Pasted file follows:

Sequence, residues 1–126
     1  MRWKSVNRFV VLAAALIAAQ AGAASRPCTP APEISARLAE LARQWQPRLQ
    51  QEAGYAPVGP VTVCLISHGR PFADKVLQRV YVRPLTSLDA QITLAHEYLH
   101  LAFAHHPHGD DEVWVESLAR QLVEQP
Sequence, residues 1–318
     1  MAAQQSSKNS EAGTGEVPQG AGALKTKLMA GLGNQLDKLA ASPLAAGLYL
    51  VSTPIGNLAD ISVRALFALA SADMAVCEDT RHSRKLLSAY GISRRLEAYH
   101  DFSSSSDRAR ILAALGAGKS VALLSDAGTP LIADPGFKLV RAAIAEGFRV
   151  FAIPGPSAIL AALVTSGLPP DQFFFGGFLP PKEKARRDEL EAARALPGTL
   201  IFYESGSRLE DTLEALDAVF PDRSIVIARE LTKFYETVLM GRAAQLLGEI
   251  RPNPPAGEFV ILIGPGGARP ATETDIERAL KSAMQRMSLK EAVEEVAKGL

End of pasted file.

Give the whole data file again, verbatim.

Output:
Sequence, residues 1–126
     1  MRWKSVNRFV VLAAALIAAQ AGAASRPCTP APEISARLAE LARQWQPRLQ
    51  QEAGYAPVGP VTVCLISHGR PFADKVLQRV YVRPLTSLDA QITLAHEYLH
   101  LAFAHHPHGD DEVWVESLAR QLVEQP
Sequence, residues 1–318
     1  MAAQQSSKNS EAGTGEVPQG AGALKTKLMA GLGNQLDKLA ASPLAAGLYL
    51  VSTPIGNLAD ISVRALFALA SADMAVCEDT RHSRKLLSAY GISRRLEAYH
   101  DFSSSSDRAR ILAALGAGKS VALLSDAGTP LIADPGFKLV RAAIAEGFRV
   151  FAIPGPSAIL AALVTSGLPP DQFFFGGFLP PKEKARRDEL EAARALPGTL
   201  IFYESGSRLE DTLEALDAVF PDRSIVIARE LTKFYETVLM GRAAQLLGEI
   251  RPNPPAGEFV ILIGPGGARP ATETDIERAL KSAMQRMSLK EAVEEVAKGL